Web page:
Electronic – Are there any non-ideal side-effects of putting capacitors in parallel to increase capacitance


I want a 500uF capacitor. Theoretically, I should be able to place 5 100uF capacitors in parallel to achieve 500uF of capacitance.

However, are there any side effects of practically implementing this? Are there non-ideal effects that I should account for?

Note: I'm looking for a 500uF surface mount ceramic capacitor. I've been able to find these, however, the tolerances are only +/- 20%. Furthermore, I've only found one manufacturer of these and I would prefer not be too dependent on a single manufacturer.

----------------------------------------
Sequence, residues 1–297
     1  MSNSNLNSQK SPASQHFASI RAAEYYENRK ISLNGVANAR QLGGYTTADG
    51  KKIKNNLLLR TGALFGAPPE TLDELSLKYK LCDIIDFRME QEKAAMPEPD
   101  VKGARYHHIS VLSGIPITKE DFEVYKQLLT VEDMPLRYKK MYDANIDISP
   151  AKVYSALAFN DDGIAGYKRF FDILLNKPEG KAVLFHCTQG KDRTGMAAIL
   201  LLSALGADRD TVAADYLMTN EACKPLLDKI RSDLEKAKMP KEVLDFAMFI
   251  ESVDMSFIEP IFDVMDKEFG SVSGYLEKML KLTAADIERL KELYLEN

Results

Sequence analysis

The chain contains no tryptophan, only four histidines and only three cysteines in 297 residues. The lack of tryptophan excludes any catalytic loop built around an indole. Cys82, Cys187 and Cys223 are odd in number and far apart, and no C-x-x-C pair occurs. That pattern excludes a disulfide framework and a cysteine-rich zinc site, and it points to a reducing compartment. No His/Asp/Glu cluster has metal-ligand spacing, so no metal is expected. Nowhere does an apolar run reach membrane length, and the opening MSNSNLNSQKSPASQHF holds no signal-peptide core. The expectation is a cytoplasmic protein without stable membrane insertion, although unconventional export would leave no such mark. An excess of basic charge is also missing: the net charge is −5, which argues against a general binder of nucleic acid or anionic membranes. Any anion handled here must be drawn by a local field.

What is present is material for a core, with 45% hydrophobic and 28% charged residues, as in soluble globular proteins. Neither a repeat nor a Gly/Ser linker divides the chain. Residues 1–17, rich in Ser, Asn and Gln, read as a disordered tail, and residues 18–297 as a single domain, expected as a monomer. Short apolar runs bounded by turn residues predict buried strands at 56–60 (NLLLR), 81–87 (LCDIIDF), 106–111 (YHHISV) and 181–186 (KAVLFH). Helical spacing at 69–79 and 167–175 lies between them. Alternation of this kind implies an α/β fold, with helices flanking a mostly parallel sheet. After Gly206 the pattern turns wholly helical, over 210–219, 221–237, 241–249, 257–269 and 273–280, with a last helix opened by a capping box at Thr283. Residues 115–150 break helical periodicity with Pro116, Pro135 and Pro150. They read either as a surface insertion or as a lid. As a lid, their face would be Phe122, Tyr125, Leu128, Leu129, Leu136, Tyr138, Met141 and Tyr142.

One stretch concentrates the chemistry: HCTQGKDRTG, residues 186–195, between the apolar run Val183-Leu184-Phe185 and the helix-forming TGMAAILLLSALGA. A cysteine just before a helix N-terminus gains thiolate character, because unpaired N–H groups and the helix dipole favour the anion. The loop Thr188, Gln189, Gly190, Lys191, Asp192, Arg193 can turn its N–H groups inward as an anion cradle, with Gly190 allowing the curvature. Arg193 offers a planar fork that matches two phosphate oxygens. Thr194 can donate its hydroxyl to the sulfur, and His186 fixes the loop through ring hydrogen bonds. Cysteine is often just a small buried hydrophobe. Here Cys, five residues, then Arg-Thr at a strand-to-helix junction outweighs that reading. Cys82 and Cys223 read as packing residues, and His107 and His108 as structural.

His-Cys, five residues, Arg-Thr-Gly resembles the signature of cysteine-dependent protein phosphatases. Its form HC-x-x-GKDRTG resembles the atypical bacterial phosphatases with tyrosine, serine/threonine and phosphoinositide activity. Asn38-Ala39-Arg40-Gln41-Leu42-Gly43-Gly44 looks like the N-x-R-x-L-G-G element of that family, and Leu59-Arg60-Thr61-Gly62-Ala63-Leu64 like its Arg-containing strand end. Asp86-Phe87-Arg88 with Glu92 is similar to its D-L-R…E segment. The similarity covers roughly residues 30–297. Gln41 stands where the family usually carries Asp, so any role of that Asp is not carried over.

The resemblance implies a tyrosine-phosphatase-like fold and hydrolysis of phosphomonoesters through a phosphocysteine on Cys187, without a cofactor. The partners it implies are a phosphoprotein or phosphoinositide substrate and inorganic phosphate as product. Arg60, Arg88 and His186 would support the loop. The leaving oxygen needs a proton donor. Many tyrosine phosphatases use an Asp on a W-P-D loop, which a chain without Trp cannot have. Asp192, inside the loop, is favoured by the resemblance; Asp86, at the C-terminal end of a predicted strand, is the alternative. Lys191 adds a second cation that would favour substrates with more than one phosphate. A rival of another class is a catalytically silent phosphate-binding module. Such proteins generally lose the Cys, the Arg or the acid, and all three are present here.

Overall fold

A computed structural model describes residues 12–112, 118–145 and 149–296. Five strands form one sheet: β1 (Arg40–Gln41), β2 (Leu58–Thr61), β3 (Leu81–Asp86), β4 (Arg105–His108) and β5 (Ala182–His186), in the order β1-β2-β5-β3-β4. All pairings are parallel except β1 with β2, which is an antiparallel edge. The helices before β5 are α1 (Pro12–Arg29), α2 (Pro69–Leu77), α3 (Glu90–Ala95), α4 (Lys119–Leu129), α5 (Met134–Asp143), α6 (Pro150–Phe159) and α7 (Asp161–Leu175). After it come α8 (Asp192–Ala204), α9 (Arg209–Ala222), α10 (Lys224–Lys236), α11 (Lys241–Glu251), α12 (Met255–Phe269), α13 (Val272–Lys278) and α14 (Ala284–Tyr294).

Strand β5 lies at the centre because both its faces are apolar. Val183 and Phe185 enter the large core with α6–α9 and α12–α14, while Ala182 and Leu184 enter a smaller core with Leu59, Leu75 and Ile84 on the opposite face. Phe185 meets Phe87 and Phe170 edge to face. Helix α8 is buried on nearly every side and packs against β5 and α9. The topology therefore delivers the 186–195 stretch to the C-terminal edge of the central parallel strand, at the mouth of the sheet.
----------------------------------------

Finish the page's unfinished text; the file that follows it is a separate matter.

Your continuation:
Best Answer

Paralleling capacitors is fine electrically. That actually reduces the overall ESR and increases the ripple current capability, usually more so than a single capacitor of the desired value gets you. There is really no electrical downside to this.

The prominent non-ideal effects are cost and space.